Loading...
 

The Robot Is Done!

Author: Bruce - Published 2014-02-19 15:00 - (990 Reads)

The robot is now officially bagged and tagged, it's been a great 6 weeks. Now on to competition in Troy! Go team!

2014 Challenge

Author: Logan - Published 2014-01-05 16:02 - (177 Reads)

AERIAL ASSIST is played by two competing Alliances of three robots each on a flat 25’ x 54’ foot field, straddled by a truss suspended just over five feet above the floor. The objective is to score as many balls in goals as possible during a two (2)-minute and 30-second match. The more Alliances score their ball in their goals, and the more they work together to do it, the more points their Alliance receives.

The match begins with one 10-second Autonomous Period in which robots operate independently of driver. Each robot may begin with a ball and attempt to score it in a goal. Alliances earn bonus points for scoring balls in this mode and for any of their robots that move in to their zones. Additionally, each high/low pair of goals will be designated “hot” for five seconds, but the order of which side is first is randomized. For each ball scored in a “hot” goal, the Alliance earns additional bonus points.

For the rest of the match, drivers remotely control robots from behind a protective wall. Once all balls in autonomous are scored, only one ball is re-entered in to play, and the Alliances must cycle a single ball as many times as possible for the remainder of the match. With the single ball, they try to maximize their points earned by throwing balls over the truss, catching balls launched over the truss, and scoring in the high and low goals on the far side of the field.

Alliances receive large bonuses for “assists,” which are earned for each robot that has possession of the ball in a zone as the ball moves down the field. Points are awarded for each action per the table below.

We Got a NASA Grant Toward 2014 Competition!

Author: Tanner Strignano - Published 2013-12-03 18:24 - (1248 Reads)

The team just received a $5000 grant from NASA. This grant will help toward expenses for the Tech Valley Regional Competition in Troy, NY March 13-15 2014. See news coverage about our grant in the (Oneonta) Daily Star, from Dec. 11, 2013: http://www.thedailystar.com/localnews/x601934132/School-robotics-team-gets-grant-from-NASA%22

Thanks to team mentor Charles King for submitting the grant, and thank you NASA!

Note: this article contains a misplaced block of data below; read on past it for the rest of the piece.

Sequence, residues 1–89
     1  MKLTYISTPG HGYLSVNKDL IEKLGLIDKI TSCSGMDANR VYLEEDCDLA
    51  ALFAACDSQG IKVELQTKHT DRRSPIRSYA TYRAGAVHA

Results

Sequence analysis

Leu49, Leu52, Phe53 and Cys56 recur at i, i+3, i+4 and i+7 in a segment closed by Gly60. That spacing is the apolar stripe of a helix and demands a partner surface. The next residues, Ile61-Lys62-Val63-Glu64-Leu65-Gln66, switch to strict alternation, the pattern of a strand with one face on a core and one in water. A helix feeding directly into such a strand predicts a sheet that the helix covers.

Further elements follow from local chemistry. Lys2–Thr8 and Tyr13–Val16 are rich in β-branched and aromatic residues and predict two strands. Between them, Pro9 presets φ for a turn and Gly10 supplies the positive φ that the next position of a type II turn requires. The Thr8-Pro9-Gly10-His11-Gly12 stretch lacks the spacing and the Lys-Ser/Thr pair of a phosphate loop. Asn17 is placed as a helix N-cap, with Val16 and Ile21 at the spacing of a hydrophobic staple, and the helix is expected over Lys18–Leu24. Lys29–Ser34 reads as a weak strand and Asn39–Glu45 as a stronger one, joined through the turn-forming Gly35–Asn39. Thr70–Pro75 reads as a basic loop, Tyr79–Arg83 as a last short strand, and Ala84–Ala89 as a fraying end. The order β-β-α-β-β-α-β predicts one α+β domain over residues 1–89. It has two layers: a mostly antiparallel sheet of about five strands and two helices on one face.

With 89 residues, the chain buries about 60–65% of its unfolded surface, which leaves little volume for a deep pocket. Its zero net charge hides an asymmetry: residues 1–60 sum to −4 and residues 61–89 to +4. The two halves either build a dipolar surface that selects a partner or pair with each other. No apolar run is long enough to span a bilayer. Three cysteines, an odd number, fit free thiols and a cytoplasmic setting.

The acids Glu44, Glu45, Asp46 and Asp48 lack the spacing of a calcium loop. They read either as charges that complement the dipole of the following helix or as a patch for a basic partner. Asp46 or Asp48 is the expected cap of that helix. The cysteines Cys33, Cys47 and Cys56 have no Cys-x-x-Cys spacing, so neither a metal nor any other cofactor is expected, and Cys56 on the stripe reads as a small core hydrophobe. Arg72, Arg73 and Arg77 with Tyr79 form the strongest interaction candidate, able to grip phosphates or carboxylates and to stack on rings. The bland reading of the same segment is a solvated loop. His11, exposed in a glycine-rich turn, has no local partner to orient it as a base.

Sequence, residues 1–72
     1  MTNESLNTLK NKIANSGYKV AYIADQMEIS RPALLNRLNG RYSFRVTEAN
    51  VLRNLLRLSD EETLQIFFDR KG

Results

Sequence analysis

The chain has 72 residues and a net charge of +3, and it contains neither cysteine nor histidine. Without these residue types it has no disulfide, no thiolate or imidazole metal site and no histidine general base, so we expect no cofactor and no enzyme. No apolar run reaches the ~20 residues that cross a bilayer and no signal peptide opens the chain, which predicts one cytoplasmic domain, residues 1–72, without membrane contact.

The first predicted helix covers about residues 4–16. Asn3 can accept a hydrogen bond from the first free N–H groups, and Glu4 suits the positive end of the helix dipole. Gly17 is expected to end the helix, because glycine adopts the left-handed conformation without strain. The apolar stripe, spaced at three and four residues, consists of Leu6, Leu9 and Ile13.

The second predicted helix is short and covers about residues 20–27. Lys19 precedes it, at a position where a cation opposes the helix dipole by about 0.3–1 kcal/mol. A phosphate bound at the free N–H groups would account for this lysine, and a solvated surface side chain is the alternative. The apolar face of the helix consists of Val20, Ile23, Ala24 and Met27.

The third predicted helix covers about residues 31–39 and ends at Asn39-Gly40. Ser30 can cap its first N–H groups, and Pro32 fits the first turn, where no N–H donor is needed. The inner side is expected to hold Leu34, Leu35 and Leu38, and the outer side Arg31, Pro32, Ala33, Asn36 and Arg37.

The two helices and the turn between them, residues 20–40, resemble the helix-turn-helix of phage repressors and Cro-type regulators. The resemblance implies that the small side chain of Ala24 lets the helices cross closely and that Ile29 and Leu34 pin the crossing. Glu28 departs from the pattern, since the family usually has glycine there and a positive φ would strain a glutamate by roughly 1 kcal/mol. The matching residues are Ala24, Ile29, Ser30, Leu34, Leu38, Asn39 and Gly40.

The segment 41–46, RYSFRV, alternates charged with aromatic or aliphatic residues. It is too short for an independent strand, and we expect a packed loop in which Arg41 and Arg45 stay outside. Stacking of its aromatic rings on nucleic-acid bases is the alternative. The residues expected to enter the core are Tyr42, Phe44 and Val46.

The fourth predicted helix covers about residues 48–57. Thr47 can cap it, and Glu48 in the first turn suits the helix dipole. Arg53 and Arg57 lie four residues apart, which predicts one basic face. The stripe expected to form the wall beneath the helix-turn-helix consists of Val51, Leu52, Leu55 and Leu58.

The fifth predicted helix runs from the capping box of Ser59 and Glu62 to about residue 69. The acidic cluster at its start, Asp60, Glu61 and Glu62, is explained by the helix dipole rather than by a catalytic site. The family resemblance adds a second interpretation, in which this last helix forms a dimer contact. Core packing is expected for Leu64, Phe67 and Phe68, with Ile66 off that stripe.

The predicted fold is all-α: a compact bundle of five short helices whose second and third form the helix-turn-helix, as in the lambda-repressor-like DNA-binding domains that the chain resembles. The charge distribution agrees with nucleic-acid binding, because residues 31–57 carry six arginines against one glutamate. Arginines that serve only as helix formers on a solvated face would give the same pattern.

But we still need funds to get to competition, so please keep those donations comin'! Click on the donation button at the top of our home page.

IOXUS Pledges $5k to Team, Encourages Other Businesses

Author: Paul - Published 2013-05-15 18:28 - (1485 Reads)

At a May 15, 2013 Otsego County Chamber of Commerce luncheon, IOXUS of Oneonta CEO Mark McGough announced a pledge of $5,000 to Otsego FIRST 4-H Robotics Team 4203, and issued a challenge to area businesses to also contribute what they can to team RoboKronos! Ioxus, one of the team's earliest supporters, makes ultracapacitors for use in a variety of settings. Learn more at www.ioxus.com

2014 FIRST NY Tech Valley Regional



 

2014 Challenge: Aerial Assist


AERIAL ASSIST is played by two competing Alliances of three robots each on a flat 25’ x 54’ foot
field, straddled by a truss suspended just over five feet above the floor. The objective is to score as
many balls in goals as possible during a two (2)-minute and 30-second match. The more Alliances
score their ball in their goals, and the more they work together to do it, the more points their Alliance
receives.

The match begins with one 10-second Autonomous Period in which robots operate independently of
driver. Each robot may begin with a ball and attempt to score it in a goal. Alliances earn bonus points
for scoring balls in this mode and for any of their robots that move in to their zones. Additionally, each
high/low pair of goals will be designated “hot” for five seconds, but the order of which side is first is
randomized. For each ball scored in a “hot” goal, the Alliance earns additional bonus points.

For the rest of the match, drivers remotely control robots from behind a protective wall. Once all balls in
autonomous are scored, only one ball is re-entered in to play, and the Alliances must cycle a single ball
as many times as possible for the remainder of the match. With the single ball, they try to maximize
their points earned by throwing balls over the truss, catching balls launched over the truss, and scoring
in the high and low goals on the far side of the field.

Alliances receive large bonuses for “assists,” which are earned for each robot that has possession of
the ball in a zone as the ball moves down the field.

 

 




Contributors to this page: Bruce , chase and Logan .
Page last modified on Saturday February 20, 2016 21:38:57 GMT-0000 by Bruce.